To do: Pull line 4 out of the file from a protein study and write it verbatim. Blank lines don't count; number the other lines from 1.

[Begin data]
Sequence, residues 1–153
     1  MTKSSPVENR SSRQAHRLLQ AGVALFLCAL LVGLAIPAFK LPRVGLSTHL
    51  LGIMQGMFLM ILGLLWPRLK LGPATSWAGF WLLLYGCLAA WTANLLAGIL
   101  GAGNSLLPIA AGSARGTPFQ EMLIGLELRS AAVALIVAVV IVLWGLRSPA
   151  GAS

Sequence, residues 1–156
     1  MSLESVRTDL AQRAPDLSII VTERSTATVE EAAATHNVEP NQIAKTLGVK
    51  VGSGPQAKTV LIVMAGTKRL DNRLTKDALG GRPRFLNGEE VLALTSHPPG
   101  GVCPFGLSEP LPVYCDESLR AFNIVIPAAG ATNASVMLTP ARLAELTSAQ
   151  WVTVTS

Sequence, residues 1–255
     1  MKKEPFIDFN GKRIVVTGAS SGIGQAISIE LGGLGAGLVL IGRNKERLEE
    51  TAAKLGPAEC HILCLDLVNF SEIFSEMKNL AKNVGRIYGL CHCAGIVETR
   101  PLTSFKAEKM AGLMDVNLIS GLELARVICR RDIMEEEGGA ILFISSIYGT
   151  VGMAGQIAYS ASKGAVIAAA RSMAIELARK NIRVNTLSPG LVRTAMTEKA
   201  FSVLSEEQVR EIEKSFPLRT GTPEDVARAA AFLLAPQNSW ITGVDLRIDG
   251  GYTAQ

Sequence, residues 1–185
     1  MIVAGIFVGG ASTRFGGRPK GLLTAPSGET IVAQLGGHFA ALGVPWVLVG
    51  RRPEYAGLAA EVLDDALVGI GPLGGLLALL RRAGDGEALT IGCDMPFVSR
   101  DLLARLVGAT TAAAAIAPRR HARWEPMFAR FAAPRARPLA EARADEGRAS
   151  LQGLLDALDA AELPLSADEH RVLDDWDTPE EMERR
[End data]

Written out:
   101  GAGNSLLPIA AGSARGTPFQ EMLIGLELRS AAVALIVAVV IVLWGLRSPA